BATON ROUGE (AP) — Republican state lawmakers, citing concerns about privacy rights, are trying to ensure that Louisiana won’t penalize residents who refuse to cooperate with the state’s work to track the coronavirus’s spread.
They’ve attached a provision by House Republican leader Blake Miguez in next year’s budget that would keep Louisiana from spending money on a virus tracking program that requires people to participate or face penalties. They’ve advanced legislation by GOP Rep. Raymond Crews, up for House debate Friday, calling on Democratic Gov. John Bel Edwards’ administration to stress to residents that involvement in such a program is voluntary.
“I live in a rural district, a very rural district, and they’re private people,” said Rep. Dewith Carrier, an Oberlin Republican. “They sure don’t want the government calling them and asking them questions about where they’ve been or what they do.”
As states such as Louisiana reopen businesses, they run the risk of spikes in virus cases when more people interact with each other. To combat that risk, infectious disease specialists say states need robust contact tracing programs to determine who has come into close contact with someone infected with the COVID-19 disease so they can be urged to stay away from others.
The Edwards administration has hired hundreds of people to call those who test positive for the coronavirus and ask them to identify people they recently came into close contact with. Those people are then called and recommended to isolate for 14 days.
“Contact tracing is (a) key part of our strategy for moving the state forward, as it could determine who has been exposed to COVID-19. Contact tracers will never identify you or your health information,” Edwards posted Thursday on Twitter, among several recent messages trying to alleviate concerns about privacy.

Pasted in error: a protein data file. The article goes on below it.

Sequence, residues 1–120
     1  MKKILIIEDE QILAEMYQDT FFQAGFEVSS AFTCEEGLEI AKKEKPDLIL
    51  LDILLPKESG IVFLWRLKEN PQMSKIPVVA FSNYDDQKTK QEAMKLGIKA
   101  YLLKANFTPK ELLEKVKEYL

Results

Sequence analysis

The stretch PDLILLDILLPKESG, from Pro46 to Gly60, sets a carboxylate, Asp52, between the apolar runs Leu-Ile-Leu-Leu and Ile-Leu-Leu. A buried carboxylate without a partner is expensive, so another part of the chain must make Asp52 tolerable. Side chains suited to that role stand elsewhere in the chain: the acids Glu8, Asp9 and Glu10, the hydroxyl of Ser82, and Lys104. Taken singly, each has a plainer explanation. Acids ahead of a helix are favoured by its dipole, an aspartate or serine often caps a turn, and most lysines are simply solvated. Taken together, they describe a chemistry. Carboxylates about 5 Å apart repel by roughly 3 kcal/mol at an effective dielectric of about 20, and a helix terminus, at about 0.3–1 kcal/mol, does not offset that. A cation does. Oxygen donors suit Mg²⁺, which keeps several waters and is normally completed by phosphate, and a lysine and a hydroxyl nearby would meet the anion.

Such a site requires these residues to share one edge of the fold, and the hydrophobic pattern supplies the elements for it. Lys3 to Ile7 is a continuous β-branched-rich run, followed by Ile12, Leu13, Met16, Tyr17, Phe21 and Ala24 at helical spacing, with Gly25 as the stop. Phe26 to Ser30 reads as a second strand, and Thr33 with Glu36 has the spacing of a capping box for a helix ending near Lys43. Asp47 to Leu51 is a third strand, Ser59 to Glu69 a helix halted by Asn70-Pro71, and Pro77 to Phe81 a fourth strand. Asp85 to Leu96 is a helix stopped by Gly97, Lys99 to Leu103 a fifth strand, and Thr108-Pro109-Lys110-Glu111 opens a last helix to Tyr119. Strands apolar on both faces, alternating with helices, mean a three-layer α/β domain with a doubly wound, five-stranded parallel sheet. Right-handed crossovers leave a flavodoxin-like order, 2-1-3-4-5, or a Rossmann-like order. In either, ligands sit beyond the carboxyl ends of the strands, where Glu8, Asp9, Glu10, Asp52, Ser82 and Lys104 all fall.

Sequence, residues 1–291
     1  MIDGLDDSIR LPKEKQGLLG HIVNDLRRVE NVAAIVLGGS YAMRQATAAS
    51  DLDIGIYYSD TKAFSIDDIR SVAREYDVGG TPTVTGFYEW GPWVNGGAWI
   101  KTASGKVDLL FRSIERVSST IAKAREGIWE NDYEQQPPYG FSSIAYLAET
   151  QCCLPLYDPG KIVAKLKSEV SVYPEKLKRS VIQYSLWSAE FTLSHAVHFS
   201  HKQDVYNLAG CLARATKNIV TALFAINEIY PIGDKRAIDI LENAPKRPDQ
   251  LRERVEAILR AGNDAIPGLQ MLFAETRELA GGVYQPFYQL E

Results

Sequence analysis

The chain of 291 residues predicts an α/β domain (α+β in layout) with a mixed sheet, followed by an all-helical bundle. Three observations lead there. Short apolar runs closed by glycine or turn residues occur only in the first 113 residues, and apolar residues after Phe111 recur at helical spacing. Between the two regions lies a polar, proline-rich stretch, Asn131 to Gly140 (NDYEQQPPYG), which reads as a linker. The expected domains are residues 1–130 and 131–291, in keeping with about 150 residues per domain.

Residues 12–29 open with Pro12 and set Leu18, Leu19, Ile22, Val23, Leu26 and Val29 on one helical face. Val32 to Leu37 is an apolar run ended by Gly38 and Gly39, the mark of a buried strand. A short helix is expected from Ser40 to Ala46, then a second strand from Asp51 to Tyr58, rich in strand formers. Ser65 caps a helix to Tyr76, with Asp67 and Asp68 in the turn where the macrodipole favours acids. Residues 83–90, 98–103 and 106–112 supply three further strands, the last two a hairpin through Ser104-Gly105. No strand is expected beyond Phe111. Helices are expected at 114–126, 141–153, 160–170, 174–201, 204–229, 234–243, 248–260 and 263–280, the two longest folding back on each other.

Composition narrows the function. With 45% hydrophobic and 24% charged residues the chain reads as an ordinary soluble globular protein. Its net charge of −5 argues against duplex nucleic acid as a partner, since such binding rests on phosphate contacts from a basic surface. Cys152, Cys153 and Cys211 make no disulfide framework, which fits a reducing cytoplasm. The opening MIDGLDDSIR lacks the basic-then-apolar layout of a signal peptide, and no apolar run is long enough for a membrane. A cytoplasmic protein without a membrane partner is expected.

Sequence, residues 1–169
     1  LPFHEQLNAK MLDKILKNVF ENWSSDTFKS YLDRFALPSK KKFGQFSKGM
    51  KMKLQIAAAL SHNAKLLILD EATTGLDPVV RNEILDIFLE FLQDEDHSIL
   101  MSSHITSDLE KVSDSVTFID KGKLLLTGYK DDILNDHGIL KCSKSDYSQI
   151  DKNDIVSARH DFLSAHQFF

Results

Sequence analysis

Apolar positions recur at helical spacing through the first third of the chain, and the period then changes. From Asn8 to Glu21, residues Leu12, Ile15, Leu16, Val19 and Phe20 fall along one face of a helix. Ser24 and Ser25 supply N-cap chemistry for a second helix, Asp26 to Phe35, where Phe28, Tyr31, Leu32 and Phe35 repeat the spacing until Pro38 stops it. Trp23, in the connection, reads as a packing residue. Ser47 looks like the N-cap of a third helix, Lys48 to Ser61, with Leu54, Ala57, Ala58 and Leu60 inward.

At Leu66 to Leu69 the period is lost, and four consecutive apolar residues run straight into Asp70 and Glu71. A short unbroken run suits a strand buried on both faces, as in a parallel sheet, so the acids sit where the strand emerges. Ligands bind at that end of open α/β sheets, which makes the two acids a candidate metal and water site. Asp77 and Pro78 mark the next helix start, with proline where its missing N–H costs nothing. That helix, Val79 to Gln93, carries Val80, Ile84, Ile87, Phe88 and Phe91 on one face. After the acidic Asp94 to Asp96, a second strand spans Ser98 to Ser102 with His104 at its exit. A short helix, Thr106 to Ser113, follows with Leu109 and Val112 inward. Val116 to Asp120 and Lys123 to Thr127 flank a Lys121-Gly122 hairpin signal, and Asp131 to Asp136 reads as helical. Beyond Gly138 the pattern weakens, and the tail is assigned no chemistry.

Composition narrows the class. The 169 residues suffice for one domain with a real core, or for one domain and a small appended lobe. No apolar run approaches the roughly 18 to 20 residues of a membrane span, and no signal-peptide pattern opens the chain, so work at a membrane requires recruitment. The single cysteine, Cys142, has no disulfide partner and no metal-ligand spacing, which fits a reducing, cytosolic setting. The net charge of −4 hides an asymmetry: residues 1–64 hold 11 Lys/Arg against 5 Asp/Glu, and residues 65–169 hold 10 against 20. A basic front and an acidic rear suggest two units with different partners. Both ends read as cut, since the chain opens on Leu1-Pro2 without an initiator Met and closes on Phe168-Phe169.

Republicans said they’ve heard from people worried state officials will come into their homes, order them to describe where they’ve been and threaten to arrest or fine those who refuse to comply.
Edwards has said he doesn’t intend to penalize people who don’t provide information. Miguez, of Eunice, said he and others “want to make sure it stays that way.”
People “are worried about invasive questioning, interviews, their cellphones being tracked, families being divided, businesses recording entering and exiting,” Miguez said.
Miguez added language to the budget for the financial year that begins July 1 that would prohibit the state from using money on a contact tracing program “that is mandatory for any person or entity in the state.”
While Edwards has stressed the program is voluntary, Stephen Russo, chief lawyer for the Louisiana Department of Health, hedged when questioned in a Thursday budget hearing about what happens if someone refuses to provide information to contact tracers.
“To my knowledge, currently right now, we don’t have any plans to make (them), to arrest that individual or to prosecute that individual,” Russo replied.
Crews, of Shreveport, told Russo: “You keep saying, ‘We don’t have any plans to.’ The people want to know you will not. And there are plenty that will participate, and they’ll do it freely. But there’s a large group of people who are like, ‘Hey, mandatory, I’m not OK with..’”
Rep. Aimee Adatto Freeman, a New Orleans Democrat, sought to keep the language from being added to the budget proposal.
“I understand people’s privacy rights very much, but we are in a public health pandemic,” she said.
Several Democrats on the House Appropriations Committee sided with Republicans in a 19-5 vote to add the provision to the budget.
By AP reporter Melinda Deslatte
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